It’s hard to even talk about it in the usual terms of horror movies. You can’t discuss it in terms of good vs. bad or ask questions about the existence of evil. I mean, you can ask the questions, but you won’t be able to hear the answers over the roar of the chainsaw cutting your philosophical guts into shreds.
I don’t know. The thing just kind of transcends movies for me. I don’t come out of it poking holes in the plot or critiquing the acting performances. I don’t talk about special effects or cinematography or pace. I don’t think of it as being a made thing. You find it. You experience it. Then you take a shower and go shakily to bed.
So when I found myself for the first time in my life in the state whose name is part of the movie’s title and an integral part of its milieu, I crossed my fingers and hoped I was near a shooting location, despite the state being the largest in the lower 48. Turns out I was near a shooting location, within minutes somehow. And even though I was only in Texas for a mere 24 hours, I was able to dedicate time to visit it.
Oh, you know that shot.
After John Larroquette does his dulcet thing, the screen goes black and we hear the unmistakable sounds of sweaty effort and a shovel biting dirt. Next, the darkness is interspersed with the brief, disconcerting images of a rotting corpse timed to the trademark sound of that mosquito flash bulb. Finally, the harsh orange dawn of a Texas sky lights an object that a voice-over newscast reveals as a “grisly work of art: The remains of a badly decomposed body to a large monument.”
It’s a drippy, fetid corpse perched jauntily atop a gravestone and holding another rancid skull in its hands. I believe the art world calls this kind of piece found art…in this case found six feet below the sod and given a resurrection that Jesus didn’t promise.
“Grave robbing in Texas is this hour’s top news story” the newscaster informs us and, a few minutes later, our group of victims-in-a-van stop by the cemetery to make sure their grandfather’s plot wasn’t part of that story.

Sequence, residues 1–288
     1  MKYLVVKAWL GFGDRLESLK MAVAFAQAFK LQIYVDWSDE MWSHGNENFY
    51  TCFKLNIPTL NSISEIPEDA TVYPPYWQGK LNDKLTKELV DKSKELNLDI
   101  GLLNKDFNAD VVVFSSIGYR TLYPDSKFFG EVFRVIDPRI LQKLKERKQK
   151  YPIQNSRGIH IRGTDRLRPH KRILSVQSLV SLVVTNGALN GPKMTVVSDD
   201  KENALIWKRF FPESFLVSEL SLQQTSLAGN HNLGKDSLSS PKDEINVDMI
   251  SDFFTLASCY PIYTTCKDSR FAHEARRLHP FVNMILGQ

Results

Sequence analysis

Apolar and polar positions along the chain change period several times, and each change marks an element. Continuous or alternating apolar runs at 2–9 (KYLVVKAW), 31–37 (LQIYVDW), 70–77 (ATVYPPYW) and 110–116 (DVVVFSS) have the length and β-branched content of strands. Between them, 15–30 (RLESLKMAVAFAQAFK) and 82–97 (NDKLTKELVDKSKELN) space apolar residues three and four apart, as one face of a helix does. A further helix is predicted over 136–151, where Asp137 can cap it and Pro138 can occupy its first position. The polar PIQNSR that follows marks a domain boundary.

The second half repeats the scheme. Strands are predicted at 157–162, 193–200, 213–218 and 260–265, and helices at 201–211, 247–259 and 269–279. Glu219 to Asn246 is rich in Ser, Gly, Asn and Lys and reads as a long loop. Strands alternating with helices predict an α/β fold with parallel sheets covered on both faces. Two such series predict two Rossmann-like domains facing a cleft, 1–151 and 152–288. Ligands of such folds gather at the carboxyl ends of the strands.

The cemetery is called Bagdad Cemetery, and it’s in the city of Leander. It was created in 1857 with the burial of a three-year-old boy named John Babcock, and it gets its name from a previous name of the town. Back when Tobe Hooper desecrated it, the graveyard was surrounded by nowhere.
Today, it’s across the street from a strip mall, which goes a long way to stripping the cemetery of any of its Texas Chain Saw atmosphere. Going the rest of the way for me were the rain showers and cool, dark clouds that shaded our visit. Normally, that’s perfect weather for a cemetery jaunt, but for this cemetery, it would have been better had the experience been sweaty and dirty and grimy, like the movie itself.
Where they set up the corpse sculpture is easy to find, on the path near the cemetery’s only building. The big tell-tale is the tall, fluted pillar grave marker with the angled top. We stood there and watched the first five minutes of the movie on a phone, 40 years after it was made on that grave dirt. I’ve done that a few times at filming locations, and it never fails to excite me. I always imagine some interdimensional, omnipresent being looking at that spot in the universe and seeing some dude watching on a phone what some other dude is making right beside him, separating by time but not space.
The headstone on which the corpse perched wasn’t there. I don’t know if it has been removed in the past four decades or if the crew had created a fake one to avoid sacrilege. I assume the latter, but when you create a work like TXCM, respect for the dead ain’t a high priority. The brief, follow-up scene in the graveyard was filmed all around that same part of the graveyard and just outside it.
This visit was up there for me. Exorcist Stairs up there. Night of the Living Dead Cemetery up there. Granted, there are more interesting and more important locations for TXCM—most notably the house where much of the movie takes place. It’s been transplanted to a different town and turned into a restaurant. Hopefully I’ll get there some day. There’s a dinner scene I want to re-create.
If not, well, we don’t all get what we want. Sometimes we’re like Leatherface in the last scene, wearing human flesh and eye shadow, impotently waving a chainsaw in the air in a petulant dance over the one that got away.
If you want to call what happened to Sally Hardesty “getting away.”